Benefits of Being A High School Athlete


(Photo Credit Via 2019 Jefferson-Morgan Yearbook Staff)

Madison Kovach, Editor-in-Chief

Playing a sport requires a lot of time and energy. Some people may think this would distract student-athletes from schoolwork. However, the opposite is true. Sports require memorization, repetition, and learning — skill sets that are directly relevant to class work. Also, the determination and goal-setting skills a sport requires can be transferred to the classroom.

Watching your hard work pay off and achieving your goals develops self-confidence. Achieving a sport or fitness goal encourages you to achieve other goals you set for yourself as well. This can be both a rewarding and exciting learning process.

“I started playing volleyball when I was in 7th grade,” said Jefferson-Morgan student Jessie Wei. “At first it was all for fun and because my friends did it, but at the same time I was juggling many honors and advanced classes. I would say that because of me adding in volleyball to my heavy circle it boosted my self-confidence because I knew if I could do all this, I could do just about anything,” added Wei.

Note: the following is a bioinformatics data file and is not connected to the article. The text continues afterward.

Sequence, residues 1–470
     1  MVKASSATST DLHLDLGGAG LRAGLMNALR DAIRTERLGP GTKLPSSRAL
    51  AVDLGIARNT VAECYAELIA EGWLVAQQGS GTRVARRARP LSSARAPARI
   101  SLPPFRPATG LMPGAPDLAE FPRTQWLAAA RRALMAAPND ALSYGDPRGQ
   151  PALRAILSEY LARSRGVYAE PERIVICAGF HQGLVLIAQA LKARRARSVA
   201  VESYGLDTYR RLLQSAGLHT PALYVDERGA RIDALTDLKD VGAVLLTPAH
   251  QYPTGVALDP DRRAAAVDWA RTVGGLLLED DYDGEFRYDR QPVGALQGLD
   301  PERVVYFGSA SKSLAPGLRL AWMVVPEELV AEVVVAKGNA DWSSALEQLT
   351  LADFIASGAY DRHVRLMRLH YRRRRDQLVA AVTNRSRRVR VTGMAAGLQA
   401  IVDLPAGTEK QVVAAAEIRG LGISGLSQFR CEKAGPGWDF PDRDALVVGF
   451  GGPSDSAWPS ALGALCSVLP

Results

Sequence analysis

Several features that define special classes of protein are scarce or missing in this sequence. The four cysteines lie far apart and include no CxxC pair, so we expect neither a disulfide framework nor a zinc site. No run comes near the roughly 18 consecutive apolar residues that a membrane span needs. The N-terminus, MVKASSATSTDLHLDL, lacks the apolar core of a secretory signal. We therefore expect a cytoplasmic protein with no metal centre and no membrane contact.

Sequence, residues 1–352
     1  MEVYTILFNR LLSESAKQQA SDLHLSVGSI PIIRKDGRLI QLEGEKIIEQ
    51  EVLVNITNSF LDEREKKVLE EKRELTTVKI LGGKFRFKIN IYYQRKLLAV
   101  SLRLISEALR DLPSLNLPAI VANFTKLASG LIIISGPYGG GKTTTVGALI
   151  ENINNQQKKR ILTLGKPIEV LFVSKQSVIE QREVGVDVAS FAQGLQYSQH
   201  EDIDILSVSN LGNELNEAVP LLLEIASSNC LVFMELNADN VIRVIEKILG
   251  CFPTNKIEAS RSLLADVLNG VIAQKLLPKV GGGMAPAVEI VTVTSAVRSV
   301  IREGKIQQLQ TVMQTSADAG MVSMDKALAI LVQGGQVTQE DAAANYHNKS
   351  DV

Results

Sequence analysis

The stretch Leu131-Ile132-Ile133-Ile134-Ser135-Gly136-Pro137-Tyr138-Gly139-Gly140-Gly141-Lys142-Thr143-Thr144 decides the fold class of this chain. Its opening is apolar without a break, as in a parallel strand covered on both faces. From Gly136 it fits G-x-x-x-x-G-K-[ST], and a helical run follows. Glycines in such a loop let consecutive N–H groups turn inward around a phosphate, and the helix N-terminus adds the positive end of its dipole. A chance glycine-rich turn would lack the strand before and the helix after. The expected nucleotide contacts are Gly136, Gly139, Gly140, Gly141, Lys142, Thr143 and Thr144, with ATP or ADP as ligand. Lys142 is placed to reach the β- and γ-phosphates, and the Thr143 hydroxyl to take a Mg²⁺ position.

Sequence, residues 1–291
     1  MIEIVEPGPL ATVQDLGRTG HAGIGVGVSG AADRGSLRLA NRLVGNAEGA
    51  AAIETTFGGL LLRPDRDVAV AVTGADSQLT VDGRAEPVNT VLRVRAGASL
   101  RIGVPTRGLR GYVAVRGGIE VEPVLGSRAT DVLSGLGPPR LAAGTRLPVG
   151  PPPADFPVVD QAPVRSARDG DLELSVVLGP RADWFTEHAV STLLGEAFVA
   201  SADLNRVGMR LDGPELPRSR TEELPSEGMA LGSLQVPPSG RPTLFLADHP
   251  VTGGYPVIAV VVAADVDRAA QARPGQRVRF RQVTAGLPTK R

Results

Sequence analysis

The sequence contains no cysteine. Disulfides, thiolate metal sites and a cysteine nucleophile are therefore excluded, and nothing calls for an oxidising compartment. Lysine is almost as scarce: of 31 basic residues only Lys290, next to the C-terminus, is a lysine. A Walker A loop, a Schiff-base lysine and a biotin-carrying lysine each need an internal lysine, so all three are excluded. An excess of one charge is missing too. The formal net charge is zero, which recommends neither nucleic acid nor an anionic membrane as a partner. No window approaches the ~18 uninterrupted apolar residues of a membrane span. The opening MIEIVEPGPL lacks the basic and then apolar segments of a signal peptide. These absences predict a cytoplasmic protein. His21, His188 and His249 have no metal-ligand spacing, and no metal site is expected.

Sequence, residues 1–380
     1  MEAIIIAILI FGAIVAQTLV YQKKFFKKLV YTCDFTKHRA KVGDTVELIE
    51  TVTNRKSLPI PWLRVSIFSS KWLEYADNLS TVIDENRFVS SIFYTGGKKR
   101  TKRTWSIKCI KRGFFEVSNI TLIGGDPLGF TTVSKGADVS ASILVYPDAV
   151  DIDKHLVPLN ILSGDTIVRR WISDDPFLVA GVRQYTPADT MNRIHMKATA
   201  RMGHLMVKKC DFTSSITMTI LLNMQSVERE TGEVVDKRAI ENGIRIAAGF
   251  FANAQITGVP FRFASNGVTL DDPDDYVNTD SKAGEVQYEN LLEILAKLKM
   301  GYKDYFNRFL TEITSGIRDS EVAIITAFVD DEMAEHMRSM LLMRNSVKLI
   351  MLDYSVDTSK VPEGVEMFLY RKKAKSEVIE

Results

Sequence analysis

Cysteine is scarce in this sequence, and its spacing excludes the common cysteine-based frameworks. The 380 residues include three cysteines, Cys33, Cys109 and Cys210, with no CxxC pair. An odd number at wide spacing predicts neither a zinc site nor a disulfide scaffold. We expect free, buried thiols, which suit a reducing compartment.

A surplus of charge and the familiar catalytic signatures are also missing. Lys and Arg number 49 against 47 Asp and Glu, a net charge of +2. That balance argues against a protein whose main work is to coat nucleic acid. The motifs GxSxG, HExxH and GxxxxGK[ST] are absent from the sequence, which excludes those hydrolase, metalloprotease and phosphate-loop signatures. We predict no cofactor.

Clearly sports can help you reach your fitness goals and maintain a healthy weight. However, they also encourage healthy decision-making such as not smoking, not drinking, and doing any other things that may seam harmful to yourself or those around you. Sports also have hidden health benefits such as lowering the chance of osteoporosis or breast cancer later in life.

“Before volleyball the only physical activity I was able to achieve and fit into my busy schedule was dance,” said Wei. “Volleyball really helped me shape my physical health as well as my mental. At practices I am able to get in running, different body workouts, I am able to build my muscle by going through different motions and doing lot’s of serving and spiking.”

Sports are also known to help teach teamwork and problem solving skills. Fighting for a common goal with a group of young players and coaches teaches you how to build teamwork and effectively communicate to solve problems. This experience is helpful when encountering problems at work, school, or at home.

Wei added, “As a kid I was always such an introvert. I kept to myself and if I was thrown into a group with lot’s of other students I tended to keep to myself and never added much ‘teamwork’ to those around me.”

It stands to reason that if you have to work with a team of people as well as spend time listening to someone give you directions and execute those directions, your social IQ is going to go up.

“Volleyball has helped me make some of my best friends; Payton, Madison, Randi, and Autumn,” said Wei. “Without sports I truly do not think I would have as many friends as I do because I always kept to myself at home and at school. Volleyball brought me out of my tight shell and taught me it is okay to work with other people,” added Wei.

Sports will always be apart of high school in one way or another and will always have benefits whether it is inside or outside of school!